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PODCAST: Grassley on sequester 'done deal', J.C. Penney earnings reveal

President Barack Obama (L) takes a question from top Republican on the Senate Finance Committee Chuck Grassley, R-Iowa, at the White House.

The U.S. is now just a day away from the sequester -- the $85 billion in across-the-board federal spending cuts that came out of the debt ceiling debacle of 2011. While it’s tough to find an economist that thinks the cuts are smart policy, the sequester is unlikely to be averted before tonight's midnight deadline. U.S. Senator Charles Grassley (R-IA) joins Marketplace Morning Report host Jeremy Hobson to discuss the sequester and its likely impact on the economy.

J.C. Penney had another tough quarter. Sales were down 28 percent -- more than half a billion dollars. What's got the retailer down?

And Japan's prime minister Shinzo Abe said today that he wants to bring some of the country's nuclear plants back online. That reverses a decision to phase out nuclear energy following the Fukushima disaster. In his speech to parliament, Abe said Japan cited the need for energy security. The country, which does not have its own energy resources, must import large volumes of natural gas, oil and other fossil fuels from around the world in the absence of nuclear program.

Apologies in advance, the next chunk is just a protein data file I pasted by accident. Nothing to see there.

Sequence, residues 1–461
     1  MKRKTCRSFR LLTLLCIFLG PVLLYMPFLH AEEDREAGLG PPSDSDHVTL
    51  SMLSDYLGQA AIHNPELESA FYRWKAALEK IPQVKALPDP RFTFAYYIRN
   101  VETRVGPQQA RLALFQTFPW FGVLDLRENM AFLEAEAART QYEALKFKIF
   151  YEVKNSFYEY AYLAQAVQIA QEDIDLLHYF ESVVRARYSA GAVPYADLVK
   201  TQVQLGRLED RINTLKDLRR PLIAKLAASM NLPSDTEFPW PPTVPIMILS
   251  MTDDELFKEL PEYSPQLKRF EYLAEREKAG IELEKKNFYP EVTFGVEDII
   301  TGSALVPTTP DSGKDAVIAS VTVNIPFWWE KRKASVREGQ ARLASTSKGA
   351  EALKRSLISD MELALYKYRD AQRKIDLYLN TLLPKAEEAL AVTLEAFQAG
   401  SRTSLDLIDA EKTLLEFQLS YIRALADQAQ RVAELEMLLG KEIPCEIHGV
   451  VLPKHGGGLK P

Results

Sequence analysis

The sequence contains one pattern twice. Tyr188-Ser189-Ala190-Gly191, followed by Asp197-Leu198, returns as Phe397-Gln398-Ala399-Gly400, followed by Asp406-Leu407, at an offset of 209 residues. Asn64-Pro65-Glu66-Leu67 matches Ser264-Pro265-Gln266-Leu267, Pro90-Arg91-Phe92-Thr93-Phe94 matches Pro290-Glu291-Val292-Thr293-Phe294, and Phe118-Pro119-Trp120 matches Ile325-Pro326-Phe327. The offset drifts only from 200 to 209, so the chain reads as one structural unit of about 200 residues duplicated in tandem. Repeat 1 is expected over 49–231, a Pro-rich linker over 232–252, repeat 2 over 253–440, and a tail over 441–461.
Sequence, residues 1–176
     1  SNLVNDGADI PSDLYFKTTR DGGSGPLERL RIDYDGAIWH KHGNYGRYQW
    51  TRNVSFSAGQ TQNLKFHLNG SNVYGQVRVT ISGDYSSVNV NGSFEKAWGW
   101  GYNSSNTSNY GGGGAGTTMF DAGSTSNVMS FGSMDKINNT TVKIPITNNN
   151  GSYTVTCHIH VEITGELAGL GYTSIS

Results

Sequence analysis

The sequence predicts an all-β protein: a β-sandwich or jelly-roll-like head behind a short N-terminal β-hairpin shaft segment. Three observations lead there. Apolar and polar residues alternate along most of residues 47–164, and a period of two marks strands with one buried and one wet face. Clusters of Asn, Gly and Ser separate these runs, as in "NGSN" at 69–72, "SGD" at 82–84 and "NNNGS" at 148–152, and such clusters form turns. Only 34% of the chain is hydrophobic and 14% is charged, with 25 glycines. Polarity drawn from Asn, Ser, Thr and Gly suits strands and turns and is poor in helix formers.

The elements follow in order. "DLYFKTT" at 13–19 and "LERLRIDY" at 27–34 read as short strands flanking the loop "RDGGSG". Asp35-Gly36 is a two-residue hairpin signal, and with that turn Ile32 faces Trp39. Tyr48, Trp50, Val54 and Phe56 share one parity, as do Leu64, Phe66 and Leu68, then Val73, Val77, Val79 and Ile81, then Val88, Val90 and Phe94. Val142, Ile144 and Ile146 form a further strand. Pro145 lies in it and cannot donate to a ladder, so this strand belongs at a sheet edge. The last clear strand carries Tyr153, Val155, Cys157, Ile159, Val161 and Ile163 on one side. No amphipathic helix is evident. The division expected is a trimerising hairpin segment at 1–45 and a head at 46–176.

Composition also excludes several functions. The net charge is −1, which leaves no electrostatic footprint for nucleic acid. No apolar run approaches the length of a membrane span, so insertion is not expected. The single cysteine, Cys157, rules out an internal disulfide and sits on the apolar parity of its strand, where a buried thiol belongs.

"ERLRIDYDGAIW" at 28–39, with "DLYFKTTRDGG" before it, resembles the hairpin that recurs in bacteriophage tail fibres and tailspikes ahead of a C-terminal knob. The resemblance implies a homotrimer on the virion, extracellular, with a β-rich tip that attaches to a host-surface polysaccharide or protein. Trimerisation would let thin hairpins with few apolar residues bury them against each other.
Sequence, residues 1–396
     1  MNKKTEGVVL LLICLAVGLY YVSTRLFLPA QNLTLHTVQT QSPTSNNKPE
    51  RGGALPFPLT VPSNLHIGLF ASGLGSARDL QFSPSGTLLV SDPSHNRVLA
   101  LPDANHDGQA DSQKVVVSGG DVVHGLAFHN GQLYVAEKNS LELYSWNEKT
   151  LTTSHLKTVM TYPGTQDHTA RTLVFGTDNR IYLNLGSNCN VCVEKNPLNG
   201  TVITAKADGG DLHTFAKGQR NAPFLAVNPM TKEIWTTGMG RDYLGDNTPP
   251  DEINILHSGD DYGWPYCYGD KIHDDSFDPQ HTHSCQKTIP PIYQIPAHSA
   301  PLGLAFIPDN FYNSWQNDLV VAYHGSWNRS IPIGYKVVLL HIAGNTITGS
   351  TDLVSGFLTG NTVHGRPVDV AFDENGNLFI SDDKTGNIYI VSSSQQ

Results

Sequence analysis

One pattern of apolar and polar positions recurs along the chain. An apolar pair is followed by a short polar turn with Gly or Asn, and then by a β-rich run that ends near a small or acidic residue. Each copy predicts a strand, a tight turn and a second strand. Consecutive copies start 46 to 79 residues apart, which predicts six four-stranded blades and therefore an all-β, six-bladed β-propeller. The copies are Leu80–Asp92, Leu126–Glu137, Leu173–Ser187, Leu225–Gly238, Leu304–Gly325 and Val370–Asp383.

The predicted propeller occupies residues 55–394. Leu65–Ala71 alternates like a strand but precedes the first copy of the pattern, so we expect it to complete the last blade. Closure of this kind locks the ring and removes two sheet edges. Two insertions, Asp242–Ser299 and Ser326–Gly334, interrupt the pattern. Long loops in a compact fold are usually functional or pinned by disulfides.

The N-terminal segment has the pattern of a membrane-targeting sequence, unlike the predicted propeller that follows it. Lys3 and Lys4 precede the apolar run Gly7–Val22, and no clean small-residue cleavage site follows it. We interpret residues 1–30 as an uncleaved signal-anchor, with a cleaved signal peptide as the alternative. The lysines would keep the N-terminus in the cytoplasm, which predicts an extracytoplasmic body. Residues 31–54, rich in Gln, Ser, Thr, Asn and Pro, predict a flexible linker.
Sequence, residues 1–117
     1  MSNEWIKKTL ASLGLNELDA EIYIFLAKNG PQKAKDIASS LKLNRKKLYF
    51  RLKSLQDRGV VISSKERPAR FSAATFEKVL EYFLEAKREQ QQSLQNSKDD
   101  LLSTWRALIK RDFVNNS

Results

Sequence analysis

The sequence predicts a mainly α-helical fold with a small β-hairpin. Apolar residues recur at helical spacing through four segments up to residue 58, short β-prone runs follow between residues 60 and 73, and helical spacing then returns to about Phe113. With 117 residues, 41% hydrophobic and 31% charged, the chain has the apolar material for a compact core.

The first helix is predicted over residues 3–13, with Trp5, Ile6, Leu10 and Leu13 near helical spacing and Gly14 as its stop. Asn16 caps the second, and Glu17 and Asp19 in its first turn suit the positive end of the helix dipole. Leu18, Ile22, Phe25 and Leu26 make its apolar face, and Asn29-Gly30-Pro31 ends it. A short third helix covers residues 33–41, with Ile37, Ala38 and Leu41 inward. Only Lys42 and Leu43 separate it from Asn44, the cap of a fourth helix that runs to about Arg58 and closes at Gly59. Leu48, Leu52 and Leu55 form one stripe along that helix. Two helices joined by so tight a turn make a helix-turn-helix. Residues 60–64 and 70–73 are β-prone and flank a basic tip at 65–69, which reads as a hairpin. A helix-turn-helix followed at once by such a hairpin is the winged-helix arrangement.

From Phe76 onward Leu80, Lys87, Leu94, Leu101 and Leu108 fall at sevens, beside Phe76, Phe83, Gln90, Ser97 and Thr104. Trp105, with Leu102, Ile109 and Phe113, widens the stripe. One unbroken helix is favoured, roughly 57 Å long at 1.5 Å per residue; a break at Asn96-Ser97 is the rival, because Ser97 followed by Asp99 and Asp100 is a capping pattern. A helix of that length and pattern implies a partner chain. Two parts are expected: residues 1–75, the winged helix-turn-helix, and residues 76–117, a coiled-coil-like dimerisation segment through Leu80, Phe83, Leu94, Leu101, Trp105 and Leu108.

About the author

Jeremy Hobson is host of Marketplace Morning Report, where he looks at business news from a global perspective to prepare listeners for the day ahead.
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I realize that Jeremy is a "business news" reporter, and not a political expert, but I couldn't believe that he didn't correct Sen Grassley when, during this interview, he said..."the President is showing the leadership that he should have shown over the last 18 months, because the day that the sequester goes into effect, he's going to have leaders down to the White House. Leaders that he hasn't talked to since January the 1st."

You'd only have to go back a whole week to find the last time that President Obama spoke with Boehner and McConnell about the sequester, publicly.

If American Public Media is in the business of reporting whatever any guest says as fact, they have become something other than journalists, and I don't need to be a sustaining member of my local NPR station to listen to politicians pawn off lies as fact for their own political gain.

Why is it that when the federal government has a budget constraint they give workers time off, but when we have a budget constraint in the real economy we just do the same job with less pay and/or benefits? It's like the rest of the economy has had to make adjustments because of the recession we've been in for the past 5 years but for government workers it's business as usual?

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